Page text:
Dear Mrs. Randolph,
Over and over again, as I teach from the same curriculum you used to use, I think of you. There are lots of things that I think about, but a few in particular come to mind.
First, I think of your fabulous stories. Many a time, you would tell us a story about a little girl named Janie, and a lesson she learned. At the end, you would tell us that little Janie was you. I always thought you must have had such a fun childhood with all those adventures. You told us wild fantasy stories and at the end, the main character would realize that it was all a dream. You inspired your students to use their imaginations and create stories of their own. For that I thank you.
Secondly, I think of your patience. Sometimes I’m tempted to complain about the two grades I have in my classroom. Then I remember that you had four grades. I can’t imagine how you did it. I do remember that you always seemed to have time for your students, though.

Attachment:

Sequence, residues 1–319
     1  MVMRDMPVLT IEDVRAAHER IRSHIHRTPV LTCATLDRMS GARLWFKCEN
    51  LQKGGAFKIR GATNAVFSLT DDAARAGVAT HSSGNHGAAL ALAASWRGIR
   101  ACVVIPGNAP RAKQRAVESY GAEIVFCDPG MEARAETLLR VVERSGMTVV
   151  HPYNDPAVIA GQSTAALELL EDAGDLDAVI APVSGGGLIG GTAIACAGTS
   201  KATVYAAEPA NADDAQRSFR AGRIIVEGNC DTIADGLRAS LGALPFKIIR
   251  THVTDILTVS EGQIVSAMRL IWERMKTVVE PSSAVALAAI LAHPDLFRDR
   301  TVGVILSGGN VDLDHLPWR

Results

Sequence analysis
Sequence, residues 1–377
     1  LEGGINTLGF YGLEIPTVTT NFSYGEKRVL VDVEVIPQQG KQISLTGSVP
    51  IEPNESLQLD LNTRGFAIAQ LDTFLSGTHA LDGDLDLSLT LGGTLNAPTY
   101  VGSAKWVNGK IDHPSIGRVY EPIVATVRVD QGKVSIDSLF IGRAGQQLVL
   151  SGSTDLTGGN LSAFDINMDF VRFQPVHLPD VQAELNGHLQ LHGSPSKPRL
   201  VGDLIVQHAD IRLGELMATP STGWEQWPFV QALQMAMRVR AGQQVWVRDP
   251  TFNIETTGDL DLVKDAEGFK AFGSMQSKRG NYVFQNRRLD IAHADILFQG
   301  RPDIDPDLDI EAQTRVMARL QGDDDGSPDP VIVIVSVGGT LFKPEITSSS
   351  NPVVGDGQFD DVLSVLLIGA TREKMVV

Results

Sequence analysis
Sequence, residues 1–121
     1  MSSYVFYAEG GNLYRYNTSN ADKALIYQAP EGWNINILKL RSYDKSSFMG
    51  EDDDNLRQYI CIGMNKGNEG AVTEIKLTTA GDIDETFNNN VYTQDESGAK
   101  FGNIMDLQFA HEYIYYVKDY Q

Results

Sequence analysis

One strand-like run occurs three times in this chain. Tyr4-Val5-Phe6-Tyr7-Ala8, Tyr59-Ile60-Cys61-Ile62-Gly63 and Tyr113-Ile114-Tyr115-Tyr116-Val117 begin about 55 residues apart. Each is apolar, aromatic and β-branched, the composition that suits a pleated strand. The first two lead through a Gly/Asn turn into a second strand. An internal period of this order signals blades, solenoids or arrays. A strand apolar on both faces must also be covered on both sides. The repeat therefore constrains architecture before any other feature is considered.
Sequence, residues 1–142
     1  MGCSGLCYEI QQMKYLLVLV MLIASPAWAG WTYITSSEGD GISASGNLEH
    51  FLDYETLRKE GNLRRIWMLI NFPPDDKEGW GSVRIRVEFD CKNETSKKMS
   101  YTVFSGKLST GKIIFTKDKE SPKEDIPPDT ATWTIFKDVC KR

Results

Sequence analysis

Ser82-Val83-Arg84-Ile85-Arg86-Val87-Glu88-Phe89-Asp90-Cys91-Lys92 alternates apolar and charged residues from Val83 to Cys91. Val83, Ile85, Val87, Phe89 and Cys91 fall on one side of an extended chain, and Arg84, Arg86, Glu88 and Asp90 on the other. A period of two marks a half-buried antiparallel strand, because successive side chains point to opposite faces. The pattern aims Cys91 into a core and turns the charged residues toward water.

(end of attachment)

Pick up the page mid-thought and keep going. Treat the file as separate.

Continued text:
Finally, I remember the games you would play with us. I play them with my students sometimes. You’d be amazed how long of a story they can create without using the word “and.” They are also quite good at Rythym, and Doggie, Doggie, Where’s Your Bone.
Thanks for all you did. You taught me that creativity was essential, patience is a must, and it’s ok to have fun.
Dear Mrs. O’Neal,
I only had you as a teacher for one short year, but your creativity and compassion remain with me today.
The special bunny cake topped with coconut “fur” that you made for our Easter party is still fresh in my mind.
I also remember science experiments. You made me curious, and inspired me to enjoy the fun of learning!